Autumn Statement 2022 for small businesses: key points at a glance
1. A freeze in the VAT registration threshold
Jeremy Hunt has frozen the VAT threshold at £85,000 until 2026, which is the turnover at which businesses need to register to pay the tax.
This is essentially a ‘stealth tax’. Rather than increasing the VAT rate itself, the threshold won’t increase in line with inflation. So if small businesses earn more as a result of rising prices, they’ll then have to register to pay VAT.
2. Personal allowance freeze extended until 2028
When he was chancellor, Rishi Sunak froze the income tax personal allowance at £12,570 until 2026. This was called a ‘stealth tax’. That’s because when people earn more over the years, their personal allowance won’t also increase, and they’ll move into higher tax brackets. This means they keep less of their money.
The current government has extended this freeze until 2028.
3. Reduction in the additional income tax rate threshold
The chancellor will reduce the additional income tax threshold from £150,000 to £125,140.
This means that more self-employed people could potentially become additional rate taxpayers, paying 45 per cent on earnings above £125,140.
The Independent estimates that 250,000 more people will be brought into the additional rate following the change.
4. The government is making other allowances less generous
If you run a limited company, you may pay yourself in dividends.
And business owners may need to pay capital gains tax when they sell business assets like land and machinery.
You get an annual allowance for both of these taxes, which is the amount you can make without paying the tax.
In the Autumn Statement, Jeremy Hunt slashed these allowances. By 2024-2025, they will be significantly less:
the dividend allowance will be cut from £2,000 to £1,000 in 2023-24, then to £500 in 2024-2025
the capital gains tax allowance will be cut from £12,300 to £6,000 in 2023-24, then to £3,000 in 2024-2025
5. What did the government announce for business rates?
From 1 April 2023, business rate bills will be updated to reflect changes in property values since the last revaluation in 2017.
To support this transition, the government has announced a targeted support package worth £13.6 billion over five years.
Here are the announcements on business rates:
- Multipliers will be frozen from 2023-24 which the Treasury says will be a “tax cut worth £9.3 billion over the next five years”
- a transitional relief scheme will cap bill increases caused by changes in rateable values at the 2023 revaluation (bill increases for the smallest properties will be capped at five per cent, while increases for medium-sized and larger properties will be capped at 15 per cent and 30 per cent respectively)
- retail, hospitality, and leisure business rates relief will be increased from 50 per cent to 75 per cent (up to £110,000 per business) in 2023-24
- if businesses lose their eligibility for small business rates relief as a result of revaluation, bill increases will be capped at £600 per year from April 2023
Read the government’s business rates factsheet for more information.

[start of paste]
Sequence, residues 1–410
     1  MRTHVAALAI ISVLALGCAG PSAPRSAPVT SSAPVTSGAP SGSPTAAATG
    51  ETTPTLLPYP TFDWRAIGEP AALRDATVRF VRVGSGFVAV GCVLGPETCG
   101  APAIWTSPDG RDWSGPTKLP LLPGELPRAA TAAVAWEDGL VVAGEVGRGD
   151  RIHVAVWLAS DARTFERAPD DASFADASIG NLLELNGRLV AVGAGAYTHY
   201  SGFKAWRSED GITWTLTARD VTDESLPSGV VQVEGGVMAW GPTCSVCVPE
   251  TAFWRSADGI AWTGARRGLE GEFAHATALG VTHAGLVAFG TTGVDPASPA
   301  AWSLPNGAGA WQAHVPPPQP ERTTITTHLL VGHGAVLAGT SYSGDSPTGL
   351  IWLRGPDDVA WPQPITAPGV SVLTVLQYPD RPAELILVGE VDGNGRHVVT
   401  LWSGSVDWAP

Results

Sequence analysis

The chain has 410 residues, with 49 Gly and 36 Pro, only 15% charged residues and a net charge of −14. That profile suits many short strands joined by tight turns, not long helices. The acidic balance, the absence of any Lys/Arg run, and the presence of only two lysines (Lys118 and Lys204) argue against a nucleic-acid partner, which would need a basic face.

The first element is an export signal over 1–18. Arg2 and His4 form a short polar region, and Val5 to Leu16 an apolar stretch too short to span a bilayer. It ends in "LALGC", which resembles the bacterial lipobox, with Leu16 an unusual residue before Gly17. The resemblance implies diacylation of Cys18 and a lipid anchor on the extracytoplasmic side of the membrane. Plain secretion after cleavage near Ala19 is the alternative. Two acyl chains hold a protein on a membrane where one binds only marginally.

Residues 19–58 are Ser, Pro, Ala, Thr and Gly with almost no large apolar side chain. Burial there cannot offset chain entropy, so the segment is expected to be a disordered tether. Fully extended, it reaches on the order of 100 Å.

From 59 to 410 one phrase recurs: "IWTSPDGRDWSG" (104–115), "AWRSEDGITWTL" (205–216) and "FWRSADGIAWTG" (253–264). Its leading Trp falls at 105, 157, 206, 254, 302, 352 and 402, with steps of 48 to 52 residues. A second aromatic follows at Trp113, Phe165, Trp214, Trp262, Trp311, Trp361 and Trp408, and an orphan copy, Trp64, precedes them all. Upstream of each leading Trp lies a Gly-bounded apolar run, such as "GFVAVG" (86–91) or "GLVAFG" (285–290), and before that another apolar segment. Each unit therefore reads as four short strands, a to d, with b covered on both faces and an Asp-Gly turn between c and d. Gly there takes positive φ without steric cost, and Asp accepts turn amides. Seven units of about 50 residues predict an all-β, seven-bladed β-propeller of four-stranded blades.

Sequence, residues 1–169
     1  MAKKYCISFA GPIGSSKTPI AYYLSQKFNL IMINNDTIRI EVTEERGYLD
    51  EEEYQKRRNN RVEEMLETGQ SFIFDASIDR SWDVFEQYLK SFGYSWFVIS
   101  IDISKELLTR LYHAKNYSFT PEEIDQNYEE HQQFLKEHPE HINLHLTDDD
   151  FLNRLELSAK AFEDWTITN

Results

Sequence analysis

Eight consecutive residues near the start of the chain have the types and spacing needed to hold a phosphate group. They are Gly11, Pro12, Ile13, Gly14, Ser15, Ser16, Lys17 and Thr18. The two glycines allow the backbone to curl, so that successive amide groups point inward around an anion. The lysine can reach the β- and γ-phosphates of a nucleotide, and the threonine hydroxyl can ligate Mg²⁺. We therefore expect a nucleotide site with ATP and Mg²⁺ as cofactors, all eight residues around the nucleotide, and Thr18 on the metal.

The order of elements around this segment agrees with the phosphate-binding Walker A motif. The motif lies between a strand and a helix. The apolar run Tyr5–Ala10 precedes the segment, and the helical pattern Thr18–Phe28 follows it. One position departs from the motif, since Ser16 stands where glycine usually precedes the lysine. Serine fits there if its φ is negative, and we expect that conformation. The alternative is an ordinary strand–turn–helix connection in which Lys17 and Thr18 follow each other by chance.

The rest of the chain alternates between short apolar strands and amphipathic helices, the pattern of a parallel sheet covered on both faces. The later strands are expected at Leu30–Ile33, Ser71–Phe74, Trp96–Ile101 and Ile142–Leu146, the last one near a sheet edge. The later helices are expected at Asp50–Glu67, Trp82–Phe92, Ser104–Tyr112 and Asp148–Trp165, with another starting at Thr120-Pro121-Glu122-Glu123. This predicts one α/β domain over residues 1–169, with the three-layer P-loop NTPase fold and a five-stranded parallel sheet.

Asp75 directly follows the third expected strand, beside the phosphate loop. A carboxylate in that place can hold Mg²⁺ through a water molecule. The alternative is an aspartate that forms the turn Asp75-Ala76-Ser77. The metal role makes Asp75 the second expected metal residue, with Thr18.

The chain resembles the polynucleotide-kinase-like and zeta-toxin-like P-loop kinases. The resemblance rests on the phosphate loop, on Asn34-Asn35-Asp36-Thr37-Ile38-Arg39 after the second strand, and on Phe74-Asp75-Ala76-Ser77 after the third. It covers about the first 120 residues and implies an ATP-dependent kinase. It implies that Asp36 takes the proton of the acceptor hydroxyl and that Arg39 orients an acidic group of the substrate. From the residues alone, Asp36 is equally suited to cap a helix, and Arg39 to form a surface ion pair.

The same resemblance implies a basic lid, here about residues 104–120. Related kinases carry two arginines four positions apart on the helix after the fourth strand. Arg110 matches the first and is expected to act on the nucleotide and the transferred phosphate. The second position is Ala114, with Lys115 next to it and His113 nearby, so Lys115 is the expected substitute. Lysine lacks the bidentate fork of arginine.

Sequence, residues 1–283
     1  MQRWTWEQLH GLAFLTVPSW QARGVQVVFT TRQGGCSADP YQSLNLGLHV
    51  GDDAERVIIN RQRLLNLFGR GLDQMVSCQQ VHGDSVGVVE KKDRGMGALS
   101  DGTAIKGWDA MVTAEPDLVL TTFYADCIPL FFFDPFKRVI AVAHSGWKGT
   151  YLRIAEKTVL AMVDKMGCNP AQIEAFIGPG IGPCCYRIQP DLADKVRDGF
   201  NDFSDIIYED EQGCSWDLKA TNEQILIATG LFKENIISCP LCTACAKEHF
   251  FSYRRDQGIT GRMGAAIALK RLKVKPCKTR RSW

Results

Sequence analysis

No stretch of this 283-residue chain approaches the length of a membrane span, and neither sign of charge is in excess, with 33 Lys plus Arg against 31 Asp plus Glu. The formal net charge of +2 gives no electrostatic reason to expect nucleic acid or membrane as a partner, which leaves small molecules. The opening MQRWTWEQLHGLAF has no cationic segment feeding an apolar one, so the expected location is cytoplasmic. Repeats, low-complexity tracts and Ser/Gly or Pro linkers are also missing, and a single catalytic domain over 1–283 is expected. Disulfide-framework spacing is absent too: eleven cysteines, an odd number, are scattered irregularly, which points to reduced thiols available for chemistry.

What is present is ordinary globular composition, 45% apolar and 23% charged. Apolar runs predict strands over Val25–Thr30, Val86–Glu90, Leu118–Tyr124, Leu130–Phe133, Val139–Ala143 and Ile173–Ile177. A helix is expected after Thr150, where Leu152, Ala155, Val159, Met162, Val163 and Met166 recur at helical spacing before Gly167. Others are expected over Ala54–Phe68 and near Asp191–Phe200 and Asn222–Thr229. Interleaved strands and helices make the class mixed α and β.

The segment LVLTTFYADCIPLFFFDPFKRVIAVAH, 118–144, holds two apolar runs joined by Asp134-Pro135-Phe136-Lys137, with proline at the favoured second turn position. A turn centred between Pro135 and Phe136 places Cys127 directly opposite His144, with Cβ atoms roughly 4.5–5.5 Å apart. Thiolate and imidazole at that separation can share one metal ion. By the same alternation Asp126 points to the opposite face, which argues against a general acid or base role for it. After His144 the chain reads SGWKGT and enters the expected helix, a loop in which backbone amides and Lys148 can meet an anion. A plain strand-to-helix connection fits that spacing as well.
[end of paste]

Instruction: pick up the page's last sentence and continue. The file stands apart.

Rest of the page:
6. What’s happening with energy bills?
The government will introduce more targeted support on energy bills for both consumers and businesses. The idea is to protect those who are struggling the most.
For your energy bills as a consumer, the changes are:
- the typical household’s energy bills will be ‘capped’ at £3,000 from April 2023 (it’s currently £2,500 – bear in mind that as the unit price of energy is capped, not the total bill, if you use more you pay more)
- there will be additional cost of living payments for the most vulnerable, meaning an extra £900 for households on means-tested benefits, £300 for pensioners, and £150 for people on disability benefit
- For businesses, the Energy Bill Relief Scheme will remain in place until 31 March 2023. But the government will review the scheme, with the expectation that from April 2023 there will be targeted support for the most vulnerable businesses.
- The government says that “the overall scale of support the government can offer will be significantly lower, and targeted at those most affected to ensure fiscal sustainability and value for money for the taxpayer.”
7. The national living wage will increase
If you have employees, the government has announced that the national living wage will increase to £10.42. The Treasury says this will give over two million people a pay rise.
There will also be a “substantial boost” to the national minimum wage from April 2023. The aim is to make “significant progress on ending low hourly pay by 2024-25.”
8. Reduction in research and development tax relief
Jeremy Hunt has announced that research and development tax relief for small businesses will be reduced to curb abuse and fraud.
So, the deduction rate for small business research and development rate will be reduced to 86 per cent and the credit rate will be reduced to 10 per cent.
The rate of the separate research and development expenditure credit will increase from 13 per cent to 20 per cent.
So, what now?
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